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Friday, October 15, 2021

Report blames swelled administration for increasing costs and inefficiency

A recent study echoes a common complaint of protestors who rally against student fee hikes and declining state funding to higher education: the growth of administrators is partly to blame.

In their examination of 198 universities in the United States from 1993 to 2007, the Goldwater Institute, a think-tank based in Arizona, found that the number of full-time administrators increased by 39 percent. Meanwhile teaching, research or service employees grew at 18 percent.

According to the report, compiled with data from the Integrated Postsecondary Education Data System (IPEDS), UC Davis experienced a growth from 3.2 full-time administrators per 100 students to 13.5, a 318.8 percent increase and the third highest on the list. Meanwhile full-time employees in instruction, research and service dropped 4.5 percent from 9.6 to 9.1 per 100 students.

“A significant reason for the administrative bloat is that students pay only a small portion of administrative costs,” wrote lead author Jay P. Greene, Senior Fellow, Goldwater Institute and head of the Department of Education Reform at the University of Arkansas.

“The large and increasing rate of government subsidy for higher education facilitates administrative bloat by insulating students from the costs. Reducing government subsidies would do much to make universities more efficient.”

This comes as the system has witnessed a dramatic rise in student fees. Estimated tuition for 2010-2011 is $11,285 after the UC Board of Regents approved a 32 percent increase in November to address declining state support. UCD currently faces a budget shortfall of $113.5 million and a projected deficit of $77.7 million for 2010-2011 pending ongoing state budget talks.

The university has disputed the conclusion of the Goldwater report. In their response, the UC Davis Office of Budget and Institution Analysis (OBIA) said the institute’s methodology “resulted in a distorted view of true administrative growth.”

Using UC financial schedules from 1992-2007, the OBIA calculated that total expenditures – minus the medical center – climbed from $651 million to $1.45 billion. Spending for non-academic administrators increased from $130.8 million to $263.5 million while teaching, research and public service spending increased from $398.3 million to $983.8 million.

Chris Carter, a director and principal budget analyst of the OBIA, said the Goldwater report, in using the information from IPEDS, did not separate employees with administrative duties who supported teaching, research and public service from those with non-academic administration positions.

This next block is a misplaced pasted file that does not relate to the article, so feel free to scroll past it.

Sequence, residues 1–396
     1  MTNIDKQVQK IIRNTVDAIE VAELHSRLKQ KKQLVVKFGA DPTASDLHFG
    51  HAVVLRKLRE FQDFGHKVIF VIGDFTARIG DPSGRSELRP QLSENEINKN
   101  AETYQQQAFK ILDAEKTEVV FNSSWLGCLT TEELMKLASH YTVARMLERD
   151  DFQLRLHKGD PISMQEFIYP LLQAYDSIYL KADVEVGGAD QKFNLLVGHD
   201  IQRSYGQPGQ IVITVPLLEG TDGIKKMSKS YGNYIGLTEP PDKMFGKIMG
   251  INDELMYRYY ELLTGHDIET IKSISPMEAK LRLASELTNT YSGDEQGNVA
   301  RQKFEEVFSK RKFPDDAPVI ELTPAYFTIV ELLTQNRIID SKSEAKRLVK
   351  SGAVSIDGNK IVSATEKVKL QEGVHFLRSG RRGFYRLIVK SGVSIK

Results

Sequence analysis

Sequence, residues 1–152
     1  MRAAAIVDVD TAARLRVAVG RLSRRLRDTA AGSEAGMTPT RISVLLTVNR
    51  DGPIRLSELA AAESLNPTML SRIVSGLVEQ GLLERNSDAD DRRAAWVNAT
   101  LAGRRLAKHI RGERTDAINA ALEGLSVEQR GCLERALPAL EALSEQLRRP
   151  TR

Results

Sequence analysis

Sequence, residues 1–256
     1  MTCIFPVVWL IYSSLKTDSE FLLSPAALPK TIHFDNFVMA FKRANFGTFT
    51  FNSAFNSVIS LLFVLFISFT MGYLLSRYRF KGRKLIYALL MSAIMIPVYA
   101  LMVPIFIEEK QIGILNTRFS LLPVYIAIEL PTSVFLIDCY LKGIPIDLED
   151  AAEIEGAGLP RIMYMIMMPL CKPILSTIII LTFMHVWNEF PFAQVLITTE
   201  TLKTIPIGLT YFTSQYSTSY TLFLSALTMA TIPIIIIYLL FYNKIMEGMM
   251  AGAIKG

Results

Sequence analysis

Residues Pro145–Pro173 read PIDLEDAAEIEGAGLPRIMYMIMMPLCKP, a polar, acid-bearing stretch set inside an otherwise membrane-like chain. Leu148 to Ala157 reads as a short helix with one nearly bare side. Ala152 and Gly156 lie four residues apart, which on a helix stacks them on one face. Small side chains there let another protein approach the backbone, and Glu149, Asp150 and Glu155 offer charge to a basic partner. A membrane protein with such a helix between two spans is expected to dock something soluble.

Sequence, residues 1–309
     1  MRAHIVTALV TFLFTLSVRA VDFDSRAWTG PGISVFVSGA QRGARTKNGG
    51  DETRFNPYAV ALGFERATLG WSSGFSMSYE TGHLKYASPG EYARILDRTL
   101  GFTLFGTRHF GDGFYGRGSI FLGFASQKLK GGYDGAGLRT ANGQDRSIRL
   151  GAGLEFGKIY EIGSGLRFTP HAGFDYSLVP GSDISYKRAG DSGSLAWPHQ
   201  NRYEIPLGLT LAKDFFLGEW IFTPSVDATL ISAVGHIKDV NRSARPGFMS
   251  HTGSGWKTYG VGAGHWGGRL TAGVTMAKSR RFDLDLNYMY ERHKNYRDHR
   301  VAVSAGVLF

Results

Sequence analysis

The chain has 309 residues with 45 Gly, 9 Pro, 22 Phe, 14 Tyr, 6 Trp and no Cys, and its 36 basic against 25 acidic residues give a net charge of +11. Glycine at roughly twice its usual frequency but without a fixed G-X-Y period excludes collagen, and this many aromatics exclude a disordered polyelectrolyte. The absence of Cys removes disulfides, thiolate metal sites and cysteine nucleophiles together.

“The vast 73 percent of the growth over this time period … has come in these core academic areas of teaching, research and public service,” Carter said.

However, Matthew Ladner, vice president of research at the Goldwater Institute, said the claim that staff helping in teaching and research contributed to the university’s academic mission is difficult to prove. He cited the 50 percent four-year graduation rate as proof for more improvement needed.

“The point is we seriously need to rethink what exactly it is we want from our universities and what we’re willing to pay for,” Ladner said.

The response also cited the campus’ efforts in downsizing and revamping its administration. The university has already cut 342 of 4,251 positions in administrative units compared to 402 of 5,796 in academic units. Ladner noted that this was good news to hear but that it indicated there was administration to cut.

Chancellor Linda Katehi has also introduced the Organizational Excellence Initiative, a drive to streamline and consolidate administrative functions in areas like human resources, finance and information. Examples of such services include student and staff hiring and termination, time reporting and salary transactions.

These functions will be consolidated in a Shared Service Center (SSC) to be housed within Administrative and Resource Management (ARM) technology. This could save the university $9 to $16 million in administrative costs over the next two to four years, according to estimates from Scott Madden, a consultant for UC Davis.

“One of the main goals of the SSC initiative is to reduce the cost of administration and redeploy funds to support UC Davis’ mission of research, teaching and service to the community,” said Lisa Terry, the project director of the SSC in an e-mail interview.

“To that end, cost savings realized through the implementation of shared services will be redirected to academic programs, student programs and high priority administrative initiatives. Priorities set by the Chancellor and the Provost will determine the exact amount and distribution of the reallocations.”

LESLIE TSAN can be reached at campus@theaggie.org.

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